Theology of Money – 1. Power

This chapter is the first of “Part I: Of Politics”, which begins with this parable:

“A Parable

Imagine – if one were only out of debt, owing nothing to anyone, free to do as one pleased, wishing this blessing upon all others, so that one could cancel all debts owing to oneself, so that one’s debtors could in turn cancel all debts owing to themselves, until all debts were cleared, nothing more was owed, all people were free, with no employment, no money, no society, no religion, no life. Just imagine.”

Goodchilld then begins “Power” with a discussion of the distinction in modern political theory between physical power (from muscles to military power to fossil fuels) and the purely human power of the will. There is thus a correlative relationship between these two kinds of power, as can be seen clearly in Carl Schmitt’s definition of the political as a distinction between friend and enemy. When one decides that one is an enemy then one can withhold the first kind of energy as long as there is sufficient will and resources to do so, even unto the point of killing. But this duality of power, where “the authority of will over will […] derives from no other foundation than the exercise of physical power (29)”, is really a kind of monism since human will is dependent unilaterally on physical energy and so this duality must be complicated by a third kind of energy. This third kind of power, an “intangible ‘energy’ of the political (30)”, is the authority that guides and authorizes the action of will on will. These are the customs, traditions, markets and other aspects external or supplementary to the human will as such and also not physical in the same sense as physical forms of power. The nature of this power is the focus of political theology.

Modern Humanism

This modern dualism is co-extensive with a certain humanism as can be seen in three related sense of the term.

  1. The human is constituted indepedent of the divine. There is no true power in those elements that are called sacred (places, objects, rituals, persons). The will (2nd form of power) must be liberated from these spectral illusions in order to will the good.
  2. This enlightenment or emancipation, which is the constitution of the human subjects. develops through a rationals self-reflection as a self-determining agent. The human distinguishes itself from the animal and primitive forms of human society and thereby uses its reason to represent the order of nature impose order upon it. The power of the will is exercised through representation.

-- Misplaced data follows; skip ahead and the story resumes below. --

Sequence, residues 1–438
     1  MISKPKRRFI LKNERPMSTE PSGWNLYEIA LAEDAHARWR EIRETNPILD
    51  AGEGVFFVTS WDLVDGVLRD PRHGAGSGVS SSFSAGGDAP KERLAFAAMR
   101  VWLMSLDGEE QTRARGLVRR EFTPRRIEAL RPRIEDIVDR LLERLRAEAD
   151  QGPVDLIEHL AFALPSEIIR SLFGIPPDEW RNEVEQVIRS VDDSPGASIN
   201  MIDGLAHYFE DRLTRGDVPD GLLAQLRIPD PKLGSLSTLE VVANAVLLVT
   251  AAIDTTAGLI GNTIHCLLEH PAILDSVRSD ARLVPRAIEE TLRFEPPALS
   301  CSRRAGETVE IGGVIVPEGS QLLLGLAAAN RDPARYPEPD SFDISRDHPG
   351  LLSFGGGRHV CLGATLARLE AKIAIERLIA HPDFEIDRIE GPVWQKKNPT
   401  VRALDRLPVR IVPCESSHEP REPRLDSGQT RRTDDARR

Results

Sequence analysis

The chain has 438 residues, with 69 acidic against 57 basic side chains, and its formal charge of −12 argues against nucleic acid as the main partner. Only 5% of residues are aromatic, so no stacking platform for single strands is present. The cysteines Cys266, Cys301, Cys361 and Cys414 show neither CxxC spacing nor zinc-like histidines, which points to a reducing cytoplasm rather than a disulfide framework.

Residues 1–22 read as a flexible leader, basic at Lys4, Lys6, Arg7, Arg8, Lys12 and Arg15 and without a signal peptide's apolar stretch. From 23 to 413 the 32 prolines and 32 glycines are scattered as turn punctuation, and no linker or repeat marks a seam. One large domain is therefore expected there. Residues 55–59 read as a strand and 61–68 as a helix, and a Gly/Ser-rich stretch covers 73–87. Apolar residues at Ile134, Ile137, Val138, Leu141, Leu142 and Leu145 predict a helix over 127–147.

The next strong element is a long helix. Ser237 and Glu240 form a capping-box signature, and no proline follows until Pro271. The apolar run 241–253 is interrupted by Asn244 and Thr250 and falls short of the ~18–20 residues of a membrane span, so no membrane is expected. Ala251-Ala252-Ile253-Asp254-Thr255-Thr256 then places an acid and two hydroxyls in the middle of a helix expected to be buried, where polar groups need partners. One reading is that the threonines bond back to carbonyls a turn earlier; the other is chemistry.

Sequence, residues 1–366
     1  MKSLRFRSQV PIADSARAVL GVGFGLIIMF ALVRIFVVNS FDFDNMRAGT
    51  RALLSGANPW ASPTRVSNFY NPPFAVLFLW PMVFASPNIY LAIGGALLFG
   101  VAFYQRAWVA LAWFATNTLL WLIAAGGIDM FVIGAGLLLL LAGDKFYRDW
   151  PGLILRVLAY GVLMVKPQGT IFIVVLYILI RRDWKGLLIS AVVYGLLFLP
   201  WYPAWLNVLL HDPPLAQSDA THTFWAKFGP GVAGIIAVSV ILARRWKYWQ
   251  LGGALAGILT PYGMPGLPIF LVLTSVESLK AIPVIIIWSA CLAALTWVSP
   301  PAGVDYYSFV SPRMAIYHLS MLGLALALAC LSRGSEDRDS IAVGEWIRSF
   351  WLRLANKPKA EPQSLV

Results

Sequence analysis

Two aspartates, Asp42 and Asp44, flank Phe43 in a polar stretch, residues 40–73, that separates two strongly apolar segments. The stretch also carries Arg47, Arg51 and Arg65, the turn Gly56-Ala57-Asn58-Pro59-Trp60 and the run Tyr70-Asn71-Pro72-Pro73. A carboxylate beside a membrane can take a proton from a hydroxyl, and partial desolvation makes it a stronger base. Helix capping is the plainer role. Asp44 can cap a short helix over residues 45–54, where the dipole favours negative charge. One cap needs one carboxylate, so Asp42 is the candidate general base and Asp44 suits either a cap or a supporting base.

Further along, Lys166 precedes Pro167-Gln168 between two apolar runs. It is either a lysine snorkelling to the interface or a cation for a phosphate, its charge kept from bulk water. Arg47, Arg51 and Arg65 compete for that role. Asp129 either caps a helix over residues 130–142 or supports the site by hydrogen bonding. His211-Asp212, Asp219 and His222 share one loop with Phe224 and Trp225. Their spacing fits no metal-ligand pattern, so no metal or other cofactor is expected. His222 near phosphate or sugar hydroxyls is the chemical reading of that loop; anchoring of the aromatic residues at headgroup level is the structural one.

3. The human subject then demonstrates this mastery, where formerly it had only been represented, by imposing order on an external nature.

These three forms of humanism have found historical expression as mastery in the scientific revolution, technological-industrial revolution, and the capitalist and free-market revolutions. Yet, humanism has come against limits in all three realms, with science having to give up its claim to mastery as it develops the sciences of chaos and complexity, the technological revolution is dependent upon resources that are disappearing in the midst of the ecological crisis and is unable to develop further without them, and the economy is governed by autonomous processes of debt, profit, and the control of consumer desire rather than any human rationality.

The Philosophy of Representation

All three of these expressions of mastery are thought to be achieved through representation via the imagination. As images, reactions, and desires are presented to the mind, reason is able to represent ideas that reign them in and control them. Yet, this modern reason is only a hesitation, a membrane, between the the subjective sovereign (as reasonable man) and the world it imposes order upon. Yet, there is one thing that it must exclude from its representation – its impotence (even if it were to represent itself as impotent that would be an expression of the mind’s power to represent).” In practice, the mind may be subjected to both physical force and the force of authority (35).”

Power beyond Representation

The sovereignty or reason exists in the imagination alone and is therefore in need of a supplement of the will, which will show itself to be sovereign when it converts representation into reality. Yet, this act of will must appeal beyond sovereign representation, “to physical, human, and meta-human configurations of power (36).” This mediation of will, and its conversion of representation into reality, exposes the weakness of mastery as a model, goal, or ideal for power. In order to overcome this weakness, Goodchild proposes an alternative direction of thought. We can escape from the sovereignty of reason, from being trapped within the problematic of reason, by engaging with the immanent problems expressed in the varied mediations of human will (those physical, human, and meta-human configurations of power). We must then engage with a body, specifically a social body where this configuration of power is found. For, if reason is to go further than its own representations and break out from the imagination, it cannot content itself with claiming “that being is, that power is powerful, or that God is divine. One cannot discover what such concepts might mean without the mediation of a concrete, political body (38).”